In the event that the comparison is "most" or "least" every object that can be seen counts. For these comparisons any player may point out an object that has been missed and have it count.

The "closest" and "furthest" comparisons are based on whether the selected object is the closest or furthest to the player playing the card. Distance is measured to that player’s right eye to the closest point of the object, should it matter.

Only objects that the players can see from where they are sitting may be counted.
Objects are considered as they were at the time that the cards are revealed. Thus moving an object once the cards have been revealed has no effect on the winner.

In the event of a tie divide the cards between the scoring piles of the tied players.
If the cards cannot be divided evenly discard the excess.

A trick may not be won by a player who could not find even a single instance of their object. No, not even "least". A good "least" card states an object of which one is present.

Some cards allow the object names to be manipulated to make new objects. Only concrete nouns are permissible as objects, manipulations to other types of word are not valid.

Philosophy of Play

This is a light game about observation, manipulation and blagging - spurious claims are encouraged and should generally be accepted.

Example of play

Bob, Sam and Jo are playing a game in a cafe.
Bob plays "Cup" and chooses "most", Sam plays "Hat" and Jo plays "Foot".
Looking around Bob can see four mugs and three glasses, which broadly count, giving him seven cups.
Sam can see three people are wearing hats.
However Jo can see twelve people, so with twenty-four feet, Jo wins the trick.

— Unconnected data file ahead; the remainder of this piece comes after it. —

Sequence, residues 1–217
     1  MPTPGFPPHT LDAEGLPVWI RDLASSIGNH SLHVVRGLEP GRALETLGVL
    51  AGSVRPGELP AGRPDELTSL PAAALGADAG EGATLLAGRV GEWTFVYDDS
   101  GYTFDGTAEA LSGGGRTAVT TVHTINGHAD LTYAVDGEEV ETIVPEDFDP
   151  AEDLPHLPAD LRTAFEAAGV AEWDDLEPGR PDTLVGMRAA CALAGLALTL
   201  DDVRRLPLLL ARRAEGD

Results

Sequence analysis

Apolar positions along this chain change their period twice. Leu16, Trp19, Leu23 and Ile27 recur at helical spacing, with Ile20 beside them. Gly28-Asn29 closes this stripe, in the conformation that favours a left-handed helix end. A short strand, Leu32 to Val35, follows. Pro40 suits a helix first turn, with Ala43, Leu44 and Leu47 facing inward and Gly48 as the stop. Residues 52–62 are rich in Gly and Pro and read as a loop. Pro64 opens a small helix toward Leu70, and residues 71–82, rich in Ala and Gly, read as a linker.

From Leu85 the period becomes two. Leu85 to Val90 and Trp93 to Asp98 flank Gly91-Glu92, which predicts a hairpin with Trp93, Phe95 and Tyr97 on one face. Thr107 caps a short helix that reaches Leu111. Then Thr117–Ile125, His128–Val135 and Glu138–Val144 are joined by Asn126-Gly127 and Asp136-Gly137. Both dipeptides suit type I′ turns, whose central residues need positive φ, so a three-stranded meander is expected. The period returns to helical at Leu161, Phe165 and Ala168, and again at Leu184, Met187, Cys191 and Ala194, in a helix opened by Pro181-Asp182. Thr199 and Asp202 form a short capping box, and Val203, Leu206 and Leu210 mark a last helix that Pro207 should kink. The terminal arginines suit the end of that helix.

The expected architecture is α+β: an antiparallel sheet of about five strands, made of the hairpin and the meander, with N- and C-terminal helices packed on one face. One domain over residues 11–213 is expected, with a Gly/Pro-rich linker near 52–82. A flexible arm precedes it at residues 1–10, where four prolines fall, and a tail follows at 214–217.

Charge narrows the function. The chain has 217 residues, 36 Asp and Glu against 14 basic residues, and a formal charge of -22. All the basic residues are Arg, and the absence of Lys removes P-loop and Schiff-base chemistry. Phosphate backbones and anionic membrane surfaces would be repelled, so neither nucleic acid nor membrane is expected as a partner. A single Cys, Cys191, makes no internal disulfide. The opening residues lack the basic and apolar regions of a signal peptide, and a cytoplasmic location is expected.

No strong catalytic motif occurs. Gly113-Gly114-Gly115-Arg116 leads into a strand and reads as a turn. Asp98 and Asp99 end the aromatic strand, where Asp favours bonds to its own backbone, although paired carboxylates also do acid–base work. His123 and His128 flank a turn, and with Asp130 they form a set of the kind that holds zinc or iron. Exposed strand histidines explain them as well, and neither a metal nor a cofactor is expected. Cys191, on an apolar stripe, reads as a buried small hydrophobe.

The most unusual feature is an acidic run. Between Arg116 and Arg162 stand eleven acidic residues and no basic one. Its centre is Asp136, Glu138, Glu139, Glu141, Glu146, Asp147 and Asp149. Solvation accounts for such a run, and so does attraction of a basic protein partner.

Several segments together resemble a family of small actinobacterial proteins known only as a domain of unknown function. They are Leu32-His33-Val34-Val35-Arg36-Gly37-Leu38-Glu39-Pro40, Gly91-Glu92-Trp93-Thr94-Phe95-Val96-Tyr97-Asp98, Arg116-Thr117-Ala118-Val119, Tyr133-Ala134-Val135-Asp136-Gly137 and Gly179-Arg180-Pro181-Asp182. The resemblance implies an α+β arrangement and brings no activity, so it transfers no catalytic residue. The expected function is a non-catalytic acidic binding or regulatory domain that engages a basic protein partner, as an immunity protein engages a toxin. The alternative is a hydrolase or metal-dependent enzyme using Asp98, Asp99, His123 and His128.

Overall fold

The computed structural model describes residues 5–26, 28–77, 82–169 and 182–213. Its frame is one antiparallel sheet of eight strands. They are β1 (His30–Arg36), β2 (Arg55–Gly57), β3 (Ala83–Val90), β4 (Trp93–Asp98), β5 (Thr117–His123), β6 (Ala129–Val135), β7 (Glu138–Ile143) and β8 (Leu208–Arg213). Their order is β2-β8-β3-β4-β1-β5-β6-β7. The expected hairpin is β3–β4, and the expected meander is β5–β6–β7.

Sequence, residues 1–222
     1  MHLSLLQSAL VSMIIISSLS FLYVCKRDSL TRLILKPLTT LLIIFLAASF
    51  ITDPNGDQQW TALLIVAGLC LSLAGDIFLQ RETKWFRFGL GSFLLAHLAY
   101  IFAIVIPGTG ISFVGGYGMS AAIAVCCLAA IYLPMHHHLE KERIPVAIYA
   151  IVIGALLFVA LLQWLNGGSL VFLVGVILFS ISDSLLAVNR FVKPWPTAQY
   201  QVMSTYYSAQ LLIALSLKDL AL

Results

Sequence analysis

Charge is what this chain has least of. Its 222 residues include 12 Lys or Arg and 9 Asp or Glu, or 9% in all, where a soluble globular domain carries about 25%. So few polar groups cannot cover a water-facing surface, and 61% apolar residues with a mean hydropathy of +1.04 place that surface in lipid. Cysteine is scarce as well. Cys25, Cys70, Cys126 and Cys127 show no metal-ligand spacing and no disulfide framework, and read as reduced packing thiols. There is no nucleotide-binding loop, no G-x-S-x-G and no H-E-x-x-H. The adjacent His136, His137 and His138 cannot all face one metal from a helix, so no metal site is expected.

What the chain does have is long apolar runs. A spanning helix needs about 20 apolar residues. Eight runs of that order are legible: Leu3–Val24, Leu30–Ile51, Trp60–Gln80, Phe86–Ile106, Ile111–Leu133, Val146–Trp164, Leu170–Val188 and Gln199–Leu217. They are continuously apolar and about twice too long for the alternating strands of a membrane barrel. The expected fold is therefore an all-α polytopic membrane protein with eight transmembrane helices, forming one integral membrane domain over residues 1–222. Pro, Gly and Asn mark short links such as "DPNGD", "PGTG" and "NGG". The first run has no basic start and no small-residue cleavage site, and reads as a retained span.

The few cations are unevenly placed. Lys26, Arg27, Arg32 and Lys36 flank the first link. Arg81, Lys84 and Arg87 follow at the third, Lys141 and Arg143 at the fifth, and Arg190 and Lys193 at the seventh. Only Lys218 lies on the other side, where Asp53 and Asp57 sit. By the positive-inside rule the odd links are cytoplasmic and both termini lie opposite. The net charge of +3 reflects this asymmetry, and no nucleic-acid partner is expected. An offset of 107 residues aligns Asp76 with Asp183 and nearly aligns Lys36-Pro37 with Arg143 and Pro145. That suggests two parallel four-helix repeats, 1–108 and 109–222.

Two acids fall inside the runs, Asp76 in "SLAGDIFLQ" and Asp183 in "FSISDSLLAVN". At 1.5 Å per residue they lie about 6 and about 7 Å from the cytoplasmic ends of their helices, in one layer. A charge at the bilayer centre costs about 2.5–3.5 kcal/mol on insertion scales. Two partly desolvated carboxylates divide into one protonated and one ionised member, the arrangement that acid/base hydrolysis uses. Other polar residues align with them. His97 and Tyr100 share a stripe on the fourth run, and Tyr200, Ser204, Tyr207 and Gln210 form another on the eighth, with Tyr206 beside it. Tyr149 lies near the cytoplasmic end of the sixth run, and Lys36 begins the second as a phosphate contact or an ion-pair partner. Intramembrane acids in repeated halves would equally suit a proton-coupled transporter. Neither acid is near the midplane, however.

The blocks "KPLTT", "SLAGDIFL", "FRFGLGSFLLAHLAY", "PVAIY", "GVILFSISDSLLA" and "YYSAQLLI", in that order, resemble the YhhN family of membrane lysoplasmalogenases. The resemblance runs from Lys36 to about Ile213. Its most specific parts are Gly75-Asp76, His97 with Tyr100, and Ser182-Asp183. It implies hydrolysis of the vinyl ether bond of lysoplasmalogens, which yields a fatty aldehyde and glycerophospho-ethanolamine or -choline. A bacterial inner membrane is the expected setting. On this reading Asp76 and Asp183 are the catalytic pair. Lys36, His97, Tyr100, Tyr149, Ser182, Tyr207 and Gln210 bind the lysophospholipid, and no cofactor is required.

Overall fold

Sam plays "Chair" and chooses "largest", Bob plays "Model" and Jo plays "Stone"
Jo indicates the largest stone that she can see, but it's smaller than the chairs.
Sam indicates the largest chair in the room and with no miniatures coming close to its size is confident of victory.
However Bob proudly points out that he has appeared on the cover of Example Players Monthly and is therefore a model.
He chooses himself and as he is larger than the chair Sam indicated he wins the trick.
Jo plays a rules card "Players may change one letter of their objects name before comparing"
She then draws a card to replace the rules card and then plays "Toy" selecting "Nearest"
Sam plays "Net" and Bob plays "Pie"
There is no net in the room, Sam was just ditching an unusable card.
Jo uses the new rule to change "Toy" to "Boy" and selects a boy sitting at the next table, closer than the pies behind the counter.
However Bob also uses the new rule to change "Pie" to "Die" and pulls a six sided die from his pocket.
Jo points out that the die was not in view when the cards were revealed so it does not count.
Had Bob produced it during the three second countdown (or earlier) he might have won, as it is Jo does.
The players each have three cards each in their scoring pile, with everything to play for the game continues.

Well, that's it for rules, I hope you enjoy the game. It's served me fairly well as a short game to fill the time spent waiting for late players to arrive for more involved games. Let me know how it works for you.